Sectoral Shocks and Structural Unemployment
When current employers have more information about worker quality than do potential employers, sectoral shocks cause structural unemployment. That is, some workers laid off from an injured sector remain unemployed despite the fact that they are of sufficient quality to be productively employed in an expanding sector at the prevailing wage. Moreover, sectoral unemployment rates are not monotonic in the severity of sectoral shocks due to the interaction of layoff activity and hiring activity. Finally, equilibrium employment decisions are not constrained Pareto efficient, and can be improved by a policy of adjustment assistance. Copyright 1993 by Economics Department of the University of Pennsylvania and the Osaka University Institute of Social and Economic Research Association.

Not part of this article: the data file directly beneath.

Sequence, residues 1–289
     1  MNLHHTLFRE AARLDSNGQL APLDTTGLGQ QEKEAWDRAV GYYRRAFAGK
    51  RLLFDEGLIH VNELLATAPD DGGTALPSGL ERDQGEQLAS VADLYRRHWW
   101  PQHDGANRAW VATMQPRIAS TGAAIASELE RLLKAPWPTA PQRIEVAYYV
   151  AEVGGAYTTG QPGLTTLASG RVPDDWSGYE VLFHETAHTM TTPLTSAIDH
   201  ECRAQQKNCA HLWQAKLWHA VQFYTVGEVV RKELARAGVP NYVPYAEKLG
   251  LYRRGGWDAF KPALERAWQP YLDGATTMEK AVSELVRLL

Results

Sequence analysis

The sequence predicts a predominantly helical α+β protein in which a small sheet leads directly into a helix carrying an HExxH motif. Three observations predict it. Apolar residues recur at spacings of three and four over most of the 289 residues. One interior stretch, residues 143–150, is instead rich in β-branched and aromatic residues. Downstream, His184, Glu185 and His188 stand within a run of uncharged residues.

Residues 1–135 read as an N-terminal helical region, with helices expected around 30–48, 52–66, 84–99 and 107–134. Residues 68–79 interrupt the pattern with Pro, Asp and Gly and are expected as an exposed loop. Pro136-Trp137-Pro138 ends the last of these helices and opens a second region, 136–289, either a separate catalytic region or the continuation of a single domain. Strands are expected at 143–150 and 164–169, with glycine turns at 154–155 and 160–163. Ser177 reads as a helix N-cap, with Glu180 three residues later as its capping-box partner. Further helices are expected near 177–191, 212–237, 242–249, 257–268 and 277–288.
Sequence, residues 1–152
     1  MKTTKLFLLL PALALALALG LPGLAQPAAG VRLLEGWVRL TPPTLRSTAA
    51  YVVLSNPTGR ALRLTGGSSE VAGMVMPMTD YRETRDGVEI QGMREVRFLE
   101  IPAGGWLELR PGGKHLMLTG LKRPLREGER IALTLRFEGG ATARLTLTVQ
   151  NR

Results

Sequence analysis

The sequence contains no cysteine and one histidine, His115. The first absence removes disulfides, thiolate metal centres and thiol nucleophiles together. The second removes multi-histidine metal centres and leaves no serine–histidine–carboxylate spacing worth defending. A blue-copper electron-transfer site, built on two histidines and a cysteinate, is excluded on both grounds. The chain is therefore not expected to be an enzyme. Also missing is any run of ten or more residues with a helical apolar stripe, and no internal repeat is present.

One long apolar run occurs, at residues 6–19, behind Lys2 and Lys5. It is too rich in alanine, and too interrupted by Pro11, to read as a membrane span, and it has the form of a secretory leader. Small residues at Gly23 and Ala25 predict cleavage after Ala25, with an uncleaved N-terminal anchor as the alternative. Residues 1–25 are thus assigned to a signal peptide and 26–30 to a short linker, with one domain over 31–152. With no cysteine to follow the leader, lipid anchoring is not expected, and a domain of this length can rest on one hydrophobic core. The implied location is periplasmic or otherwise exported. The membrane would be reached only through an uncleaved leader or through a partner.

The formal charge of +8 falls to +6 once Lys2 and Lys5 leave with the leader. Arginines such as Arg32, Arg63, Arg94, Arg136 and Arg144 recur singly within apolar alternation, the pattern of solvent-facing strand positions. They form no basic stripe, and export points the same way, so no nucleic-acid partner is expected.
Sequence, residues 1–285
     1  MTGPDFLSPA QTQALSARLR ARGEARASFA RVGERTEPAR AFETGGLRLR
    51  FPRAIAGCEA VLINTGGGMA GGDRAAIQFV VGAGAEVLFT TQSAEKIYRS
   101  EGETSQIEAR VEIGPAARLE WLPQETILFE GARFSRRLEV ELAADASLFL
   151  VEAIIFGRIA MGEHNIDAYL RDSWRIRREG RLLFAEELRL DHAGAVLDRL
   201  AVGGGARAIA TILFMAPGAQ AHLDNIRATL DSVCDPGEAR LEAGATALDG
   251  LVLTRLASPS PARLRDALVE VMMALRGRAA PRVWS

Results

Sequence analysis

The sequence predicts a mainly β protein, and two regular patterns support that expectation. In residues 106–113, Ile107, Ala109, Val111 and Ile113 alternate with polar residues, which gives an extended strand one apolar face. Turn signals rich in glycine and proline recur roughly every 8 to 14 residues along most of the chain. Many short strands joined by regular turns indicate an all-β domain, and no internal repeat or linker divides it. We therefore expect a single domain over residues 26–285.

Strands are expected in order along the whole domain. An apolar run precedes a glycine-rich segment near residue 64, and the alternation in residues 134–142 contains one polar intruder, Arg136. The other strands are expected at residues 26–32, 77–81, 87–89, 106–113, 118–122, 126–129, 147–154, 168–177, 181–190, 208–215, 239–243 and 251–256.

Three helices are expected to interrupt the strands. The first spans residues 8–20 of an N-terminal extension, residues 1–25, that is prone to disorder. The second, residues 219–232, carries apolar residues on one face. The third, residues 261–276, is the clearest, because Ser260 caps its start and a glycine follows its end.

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Volume (Year): 34 (1993)
Issue (Month): 3 (August)
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References listed on IDEAS
Please report citation or reference errors to , or , if you are the registered author of the cited work, log in to your RePEc Author Service profile, click on "citations" and make appropriate adjustments.:
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- Harris Milton & Townsend, Robert M, 1981. "Resource Allocation under Asymmetric Information," Econometrica, Econometric Society, vol. 49(1), pages 33-64, January.
- George A. Akerlof, 1970. "The Market for "Lemons": Quality Uncertainty and the Market Mechanism," The Quarterly Journal of Economics, Oxford University Press, vol. 84(3), pages 488-500.
- Weiss, Andrew W, 1980. "Job Queues and Layoffs in Labor Markets with Flexible Wages," Journal of Political Economy, University of Chicago Press, vol. 88(3), pages 526-538, June. Full references (including those not matched with items on IDEAS)